IDC Says Global IT Spending Will Kiss $1.5 Trillion By 2010
January 15, 2007 Timothy Prickett Morgan
Having made their projections for IT spending in 2007, the analysts at IDC have put a high sheen on their crystal balls and looked out further to project what the IT budgets of 2010 might look like in the aggregate. And if things pan out as IDC expects, then IT spending in 2010 should come in at just under $1.5 trillion.
To be specific, IDC is projecting that between 2006 and 2010, IT spending worldwide will grow at a compound annual growth rate of 6.3 percent, rising from $1.16 trillion in 2006 to $1.48 trillion in 2010. The forecast that IDC put together was intended to give IT vendors advice on how to better create and position their products, but the report put out by the company did give some details on what kind of spending different areas of the IT market and different parts of the economy would see.
Over the five-year term, spending on software is expected to grow faster than the IT market at large, with $327 billion in spending on software of all kinds by 2010. That represents a compound annual growth rate of 7.7 percent over 2006’s software revenues across all suppliers worldwide.
Hardware spending has been an up and down proposition for the past few years, and despite consolidation and virtualization efforts in both the storage and server markets, IDC is nonetheless projecting that spending on hardware will recover in the five-year term, reaching $562 billion in 2010. Increased spending on X64 servers, storage, and related peripherals as well as networking equipment will be the big drivers for hardware purchases in the coming years, particularly among home businesses, consumers, governments, and telecommunications companies and service providers.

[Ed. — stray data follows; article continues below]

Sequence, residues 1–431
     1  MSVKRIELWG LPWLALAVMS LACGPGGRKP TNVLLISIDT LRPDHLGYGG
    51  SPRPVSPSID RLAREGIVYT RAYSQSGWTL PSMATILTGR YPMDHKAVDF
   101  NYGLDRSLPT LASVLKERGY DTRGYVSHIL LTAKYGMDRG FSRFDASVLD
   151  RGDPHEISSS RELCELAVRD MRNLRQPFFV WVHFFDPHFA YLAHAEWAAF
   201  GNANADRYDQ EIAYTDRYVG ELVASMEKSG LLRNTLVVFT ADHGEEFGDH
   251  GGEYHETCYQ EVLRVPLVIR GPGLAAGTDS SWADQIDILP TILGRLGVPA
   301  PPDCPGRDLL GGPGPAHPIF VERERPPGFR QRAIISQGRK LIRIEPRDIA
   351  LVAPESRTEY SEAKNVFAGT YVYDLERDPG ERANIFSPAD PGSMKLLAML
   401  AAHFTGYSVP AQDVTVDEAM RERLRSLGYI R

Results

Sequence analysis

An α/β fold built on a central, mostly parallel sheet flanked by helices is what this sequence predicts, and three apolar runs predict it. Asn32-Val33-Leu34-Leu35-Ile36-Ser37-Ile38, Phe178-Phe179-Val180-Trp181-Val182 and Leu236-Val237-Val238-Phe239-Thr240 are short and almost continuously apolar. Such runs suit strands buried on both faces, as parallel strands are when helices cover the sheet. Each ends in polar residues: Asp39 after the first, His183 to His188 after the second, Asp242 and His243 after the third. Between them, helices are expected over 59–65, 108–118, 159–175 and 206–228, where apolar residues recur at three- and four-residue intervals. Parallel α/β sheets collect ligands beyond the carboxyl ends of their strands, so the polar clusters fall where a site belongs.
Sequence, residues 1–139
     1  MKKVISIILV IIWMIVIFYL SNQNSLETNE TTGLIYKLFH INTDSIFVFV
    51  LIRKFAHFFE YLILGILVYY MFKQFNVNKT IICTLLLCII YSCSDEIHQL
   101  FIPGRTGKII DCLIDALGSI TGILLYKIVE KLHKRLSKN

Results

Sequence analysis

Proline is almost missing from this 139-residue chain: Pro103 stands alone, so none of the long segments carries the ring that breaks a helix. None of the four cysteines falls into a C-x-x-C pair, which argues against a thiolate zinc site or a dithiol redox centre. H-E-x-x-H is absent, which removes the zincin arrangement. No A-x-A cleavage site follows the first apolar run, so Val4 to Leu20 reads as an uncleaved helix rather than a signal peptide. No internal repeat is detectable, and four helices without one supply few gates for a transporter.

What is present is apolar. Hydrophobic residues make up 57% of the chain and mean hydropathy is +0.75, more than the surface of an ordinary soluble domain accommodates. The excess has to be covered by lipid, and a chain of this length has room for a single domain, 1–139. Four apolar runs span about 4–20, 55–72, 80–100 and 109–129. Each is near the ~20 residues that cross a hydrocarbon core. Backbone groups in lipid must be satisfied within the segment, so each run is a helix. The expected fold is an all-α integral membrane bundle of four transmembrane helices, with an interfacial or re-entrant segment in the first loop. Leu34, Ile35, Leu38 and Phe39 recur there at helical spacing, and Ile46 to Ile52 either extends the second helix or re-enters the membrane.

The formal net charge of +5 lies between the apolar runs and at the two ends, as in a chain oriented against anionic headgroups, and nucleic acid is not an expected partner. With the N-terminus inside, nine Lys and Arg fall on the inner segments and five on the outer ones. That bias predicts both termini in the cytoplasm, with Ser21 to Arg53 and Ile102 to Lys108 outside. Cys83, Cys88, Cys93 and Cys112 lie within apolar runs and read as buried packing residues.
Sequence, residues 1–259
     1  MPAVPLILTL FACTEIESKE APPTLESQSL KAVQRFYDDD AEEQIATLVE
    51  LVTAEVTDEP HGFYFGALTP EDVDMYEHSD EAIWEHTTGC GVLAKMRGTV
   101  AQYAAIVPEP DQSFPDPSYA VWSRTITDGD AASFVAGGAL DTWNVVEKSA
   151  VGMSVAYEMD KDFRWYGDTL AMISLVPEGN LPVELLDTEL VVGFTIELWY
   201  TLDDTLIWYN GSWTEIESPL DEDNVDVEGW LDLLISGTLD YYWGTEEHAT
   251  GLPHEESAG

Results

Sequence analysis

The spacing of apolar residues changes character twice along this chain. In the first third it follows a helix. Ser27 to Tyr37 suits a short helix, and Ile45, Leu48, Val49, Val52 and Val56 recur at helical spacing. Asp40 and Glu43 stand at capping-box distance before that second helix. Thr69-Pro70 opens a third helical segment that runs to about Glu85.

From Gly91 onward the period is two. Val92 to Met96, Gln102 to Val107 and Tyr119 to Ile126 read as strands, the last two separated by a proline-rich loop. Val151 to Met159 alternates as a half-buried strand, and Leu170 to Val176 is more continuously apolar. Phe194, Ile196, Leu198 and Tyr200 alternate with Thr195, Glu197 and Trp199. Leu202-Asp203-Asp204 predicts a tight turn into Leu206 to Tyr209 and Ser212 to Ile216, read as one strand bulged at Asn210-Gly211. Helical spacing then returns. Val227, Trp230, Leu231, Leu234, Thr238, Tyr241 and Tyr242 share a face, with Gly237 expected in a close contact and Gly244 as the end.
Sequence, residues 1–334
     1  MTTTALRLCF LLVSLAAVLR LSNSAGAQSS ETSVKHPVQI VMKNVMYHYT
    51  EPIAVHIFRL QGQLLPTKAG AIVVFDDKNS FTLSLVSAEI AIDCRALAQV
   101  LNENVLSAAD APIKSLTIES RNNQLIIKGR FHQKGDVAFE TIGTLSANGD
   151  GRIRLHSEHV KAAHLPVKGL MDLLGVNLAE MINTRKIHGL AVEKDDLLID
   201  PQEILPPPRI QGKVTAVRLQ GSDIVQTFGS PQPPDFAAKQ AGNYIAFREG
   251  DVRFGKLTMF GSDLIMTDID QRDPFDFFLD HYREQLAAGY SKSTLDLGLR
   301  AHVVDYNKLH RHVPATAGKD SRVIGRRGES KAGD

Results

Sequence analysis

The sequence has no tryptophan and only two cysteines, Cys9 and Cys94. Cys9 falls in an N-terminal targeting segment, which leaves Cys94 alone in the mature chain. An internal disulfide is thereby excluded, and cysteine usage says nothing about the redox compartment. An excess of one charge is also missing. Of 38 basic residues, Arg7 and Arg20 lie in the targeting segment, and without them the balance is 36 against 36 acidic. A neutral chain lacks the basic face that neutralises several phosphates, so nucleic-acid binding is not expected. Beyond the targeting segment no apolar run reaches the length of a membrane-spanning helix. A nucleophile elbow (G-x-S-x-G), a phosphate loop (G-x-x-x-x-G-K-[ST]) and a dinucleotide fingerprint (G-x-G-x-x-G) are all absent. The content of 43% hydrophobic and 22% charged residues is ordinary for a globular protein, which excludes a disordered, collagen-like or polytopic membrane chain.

On the services front, IDC expects services to still represent the dominant part of the global IT budget, with $587 billion in aggregate spending in 2010. But at a 5.8 compound annual growth rate, IDC expects the market for IT services to grow a little more slowly than the market as a whole. Governments, big banks and other financial institutions, and discrete manufacturers are expected to lead the way in IT services spending looking ahead.